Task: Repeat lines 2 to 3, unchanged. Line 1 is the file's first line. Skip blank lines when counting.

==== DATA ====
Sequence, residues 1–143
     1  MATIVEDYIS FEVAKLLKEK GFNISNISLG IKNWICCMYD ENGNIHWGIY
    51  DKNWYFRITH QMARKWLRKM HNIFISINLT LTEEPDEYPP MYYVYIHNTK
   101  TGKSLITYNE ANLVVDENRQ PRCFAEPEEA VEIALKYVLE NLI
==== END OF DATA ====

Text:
     1  MATIVEDYIS FEVAKLLKEK GFNISNISLG IKNWICCMYD ENGNIHWGIY
    51  DKNWYFRITH QMARKWLRKM HNIFISINLT LTEEPDEYPP MYYVYIHNTK